Getting Started with the Cloud: Amazon EC2 Cloud
As part of our ongoing IaaS Buyer's Guide, we take a close look at working with Amazon’s EC2 cloud and some of its related services.
You have probably read enough about cloud computing by now that you fall into one of three groups: you are already using the cloud, you’ve decided the cloud isn’t right for you at this point, or you are ready to get started but haven’t taken the plunge into cloud computing just yet.
If you fall into the last category then this article is for you. Actually, this is just the first of a series of articles just for you.
In this article we will take a look at working with Amazon’s EC2 cloud and some of its related services .In future articles we will work with other public cloud providers and wrap up the series with a summary comparison of major infrastructure as a service (IaaS) providers.
Getting Started with Amazon
After the obvious steps of creating an account and providing a credit card for billing you are ready to start you first instance in the Amazon cloud. The management console is comprehensive but might be a bit intimidating at first - fortunately, you will probably only need to work with a fraction of the services listed. The top level of the management console is organized in five groups of services: Compute & Networking, Deployment & Management, Storage & Content Delivery, App Services, and Databases.
Selecting the EC2 from the Compute & Networking group launches the EC2 Console Dashboard which is where you launch and monitor instances. From here you can manage instances, virtual machine images, storage and security. You can create a default configuration to launch a commonly used virtual machine or you can walk through the process of selecting a virtual machine image, which Amazon calls Amazon Machine Images (AMIs). You’ll specify the number of instances you’d like to create and the instance type. Amazon offers over a dozen instance types ranging from micro (1 CPU and 613MB) to High I/O Quadruple Extra Large servers (multiple CPUs and 60.5 GB) . The cost per hour for these instances range from free (up to 750 hours per month for a micro instance) to $3.10 for the highest end server.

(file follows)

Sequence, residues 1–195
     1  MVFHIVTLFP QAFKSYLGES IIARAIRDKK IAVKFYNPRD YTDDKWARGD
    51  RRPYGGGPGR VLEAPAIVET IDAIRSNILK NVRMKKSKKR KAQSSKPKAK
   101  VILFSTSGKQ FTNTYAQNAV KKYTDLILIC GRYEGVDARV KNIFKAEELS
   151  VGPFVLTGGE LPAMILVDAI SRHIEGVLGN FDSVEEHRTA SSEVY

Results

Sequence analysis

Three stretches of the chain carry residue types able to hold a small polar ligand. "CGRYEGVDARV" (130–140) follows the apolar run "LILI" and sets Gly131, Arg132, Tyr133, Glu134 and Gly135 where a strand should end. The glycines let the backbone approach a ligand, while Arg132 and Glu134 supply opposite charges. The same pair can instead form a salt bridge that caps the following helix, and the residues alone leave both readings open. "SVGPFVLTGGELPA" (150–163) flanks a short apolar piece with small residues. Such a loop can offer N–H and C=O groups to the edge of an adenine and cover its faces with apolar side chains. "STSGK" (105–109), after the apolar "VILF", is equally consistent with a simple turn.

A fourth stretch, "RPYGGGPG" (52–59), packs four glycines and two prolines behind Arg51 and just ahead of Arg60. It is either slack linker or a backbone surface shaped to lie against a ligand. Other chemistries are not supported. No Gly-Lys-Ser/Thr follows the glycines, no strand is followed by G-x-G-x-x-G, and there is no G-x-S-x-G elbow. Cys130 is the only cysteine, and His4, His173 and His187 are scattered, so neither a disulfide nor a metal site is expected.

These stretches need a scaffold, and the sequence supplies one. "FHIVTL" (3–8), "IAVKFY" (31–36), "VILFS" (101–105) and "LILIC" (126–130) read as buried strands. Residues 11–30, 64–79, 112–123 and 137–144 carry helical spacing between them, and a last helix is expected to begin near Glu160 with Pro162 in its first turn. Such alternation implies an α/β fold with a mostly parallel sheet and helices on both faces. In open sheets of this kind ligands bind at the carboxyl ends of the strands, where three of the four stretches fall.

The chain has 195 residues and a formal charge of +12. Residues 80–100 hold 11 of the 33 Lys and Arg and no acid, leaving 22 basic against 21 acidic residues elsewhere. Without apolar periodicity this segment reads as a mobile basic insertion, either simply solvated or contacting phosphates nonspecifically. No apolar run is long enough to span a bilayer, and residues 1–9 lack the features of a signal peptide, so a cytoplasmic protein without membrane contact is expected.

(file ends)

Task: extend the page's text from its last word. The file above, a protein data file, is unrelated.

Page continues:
When you launch a device you will have the chance to configure the root volume and Elastic Block Storage (EBS) volumes. The root volume is associated with the instance and by default is deleted on termination of the instance. If you need to store data persistently in the cloud you’ll want to save it to an EBS or S3 volume.
EBS volumes are created in the EC2 console and are associated with machine images. S3 storage is machine image independent that allows you to store objects up to 5 TB in size. You can store as many objects as you want using a simple API. Third party tools like DragonDisk and S3 Browser make working with S3 more like working with desktop and local network file systems.
Most of us are used to using passwords to authenticate to in-house servers but Amazon uses key pairs. A key pair is a set of two cryptographic keys (strings of apparently random text) that go together. One is a public key and anyone can see it and the other is a private key which you need to keep confidential to those who should have administrator access to your server. Amazon lets you easily create key pairs and store them in the cloud. You give key pairs names so you can manage who has administrative access to your servers.
For example, you might create a key pair for the human resources department and another for the finance department and name the HR_keys and Finance_keys, respectively. The exception to the need for key pairs is cases in which you create and store your own machine image in which case you can define an administrator password for that image.
Of course you will want to control which ports are open on your new instance. Amazon uses security groups which are sets of firewall configuration rules. The instance configuration wizard allows you to create custom rules or start with configure default ports of commonly used protocols.
Dan SulivanDan Sullivan is an author, systems architect, and consultant with over 20 years of IT experience with engagements in systems architecture, enterprise security, advanced analytics and business intelligence. He has worked in a broad range of industries, including financial services, manufacturing, pharmaceuticals, software development, government, retail, gas and oil production, power generation, life sciences, and education. Dan has written 16 books and numerous articles and white papers about topics ranging from data warehousing, Cloud Computing and advanced analytics to security management, collaboration, and text mining.
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